True confession. I have three freezers. One in the kitchen frig, an upright in the basement, and one in the garage “beer frig.” Clearly, more is better in my culinary mind. To go with that, I might as well admit that I also use (and update) a freezer inventory. And to be perfectly honest, I pretty much know the contents of each freezer without looking at the list. This could be a testament to the success of  “write it down so you’ll remember it,” but it is mainly a huge help when shopping!


I can tell you exactly when I began to elevate my freezer game. I was sitting at Chopping Block Hair Salon waiting for my hair to process and reading a copy of Better Homes & Garden magazine. The October 2009 issue, to be exact. The article, Big Chill -Easy meals, tasty seasonal produce, and budget-saving leftovers await you in a super-organized freezer” was speaking to me personally.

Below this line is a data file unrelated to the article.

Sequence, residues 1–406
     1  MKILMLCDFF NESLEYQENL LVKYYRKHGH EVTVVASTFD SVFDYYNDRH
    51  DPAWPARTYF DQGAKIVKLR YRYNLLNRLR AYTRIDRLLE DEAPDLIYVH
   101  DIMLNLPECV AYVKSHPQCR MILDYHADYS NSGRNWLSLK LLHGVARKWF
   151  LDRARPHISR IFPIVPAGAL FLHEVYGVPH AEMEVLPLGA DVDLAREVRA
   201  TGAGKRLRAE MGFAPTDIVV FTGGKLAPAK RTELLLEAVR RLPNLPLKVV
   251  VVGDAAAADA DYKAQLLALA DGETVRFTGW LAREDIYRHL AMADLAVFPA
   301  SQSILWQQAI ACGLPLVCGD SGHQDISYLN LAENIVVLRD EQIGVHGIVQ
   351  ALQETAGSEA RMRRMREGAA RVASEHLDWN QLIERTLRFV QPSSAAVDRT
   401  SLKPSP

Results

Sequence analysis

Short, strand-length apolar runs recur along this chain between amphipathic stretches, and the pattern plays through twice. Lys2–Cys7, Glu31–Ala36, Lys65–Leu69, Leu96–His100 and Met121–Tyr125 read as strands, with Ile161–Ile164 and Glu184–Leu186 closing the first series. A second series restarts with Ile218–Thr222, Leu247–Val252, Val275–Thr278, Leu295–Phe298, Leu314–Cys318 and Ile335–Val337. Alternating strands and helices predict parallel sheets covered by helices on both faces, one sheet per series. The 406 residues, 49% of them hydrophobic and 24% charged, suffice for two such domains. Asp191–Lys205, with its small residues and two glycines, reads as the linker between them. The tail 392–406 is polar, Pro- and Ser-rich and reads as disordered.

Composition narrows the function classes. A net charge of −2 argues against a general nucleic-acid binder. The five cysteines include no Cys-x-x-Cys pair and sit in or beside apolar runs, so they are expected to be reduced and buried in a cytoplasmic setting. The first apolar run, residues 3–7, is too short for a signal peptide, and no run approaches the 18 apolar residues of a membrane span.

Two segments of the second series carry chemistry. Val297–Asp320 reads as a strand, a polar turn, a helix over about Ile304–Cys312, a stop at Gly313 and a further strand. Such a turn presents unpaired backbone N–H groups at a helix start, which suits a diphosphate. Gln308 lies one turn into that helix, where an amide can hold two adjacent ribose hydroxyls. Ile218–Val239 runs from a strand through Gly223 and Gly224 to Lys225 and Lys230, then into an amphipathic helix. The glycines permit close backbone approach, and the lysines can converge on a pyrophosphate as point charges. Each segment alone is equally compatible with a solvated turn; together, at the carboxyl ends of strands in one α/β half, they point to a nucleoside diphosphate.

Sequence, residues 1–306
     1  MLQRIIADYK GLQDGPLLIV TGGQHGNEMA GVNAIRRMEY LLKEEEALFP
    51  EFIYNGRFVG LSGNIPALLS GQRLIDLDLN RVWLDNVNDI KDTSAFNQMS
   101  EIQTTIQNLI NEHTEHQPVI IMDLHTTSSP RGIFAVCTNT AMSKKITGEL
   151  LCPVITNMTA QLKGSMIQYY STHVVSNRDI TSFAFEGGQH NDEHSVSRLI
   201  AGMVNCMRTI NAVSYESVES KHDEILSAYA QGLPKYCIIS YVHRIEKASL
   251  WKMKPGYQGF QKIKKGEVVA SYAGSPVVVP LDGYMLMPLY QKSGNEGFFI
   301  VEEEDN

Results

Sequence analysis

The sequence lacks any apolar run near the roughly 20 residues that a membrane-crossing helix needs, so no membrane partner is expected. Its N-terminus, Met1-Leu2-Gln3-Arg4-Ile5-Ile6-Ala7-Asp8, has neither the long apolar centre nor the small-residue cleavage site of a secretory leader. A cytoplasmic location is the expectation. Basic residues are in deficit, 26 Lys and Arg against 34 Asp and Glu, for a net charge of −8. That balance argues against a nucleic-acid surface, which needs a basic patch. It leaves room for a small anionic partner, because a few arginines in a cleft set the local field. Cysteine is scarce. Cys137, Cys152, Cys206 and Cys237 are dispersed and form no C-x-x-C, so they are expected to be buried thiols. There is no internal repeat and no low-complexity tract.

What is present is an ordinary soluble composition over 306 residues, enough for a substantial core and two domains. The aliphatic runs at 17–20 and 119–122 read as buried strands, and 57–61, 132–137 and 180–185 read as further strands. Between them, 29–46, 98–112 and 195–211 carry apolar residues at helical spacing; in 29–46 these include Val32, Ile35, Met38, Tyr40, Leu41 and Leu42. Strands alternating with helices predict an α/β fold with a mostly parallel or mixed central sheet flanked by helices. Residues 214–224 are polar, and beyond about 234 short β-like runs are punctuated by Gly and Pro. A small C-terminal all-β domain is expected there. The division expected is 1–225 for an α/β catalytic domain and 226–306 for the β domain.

When I saw the illustration of a vertical filing system for frozen soups, I was hooked. My kitchen refrigerator’s freezer could not compete with the interior glory depicted in the BHG magazine.

My old upright freezer was long gone, and I was ready to begin a relationship with a new major appliance. I bought an upright model (white, no frills) at Madison’s Greves Home Center, and stocked up on plastic mini crates and boxes of quart zip freezer bags. Armed and ready, I could see a future of single serving homemade soups, home prepared stocks and sauces, and a sea of peak freshness ingredients at my fingertips.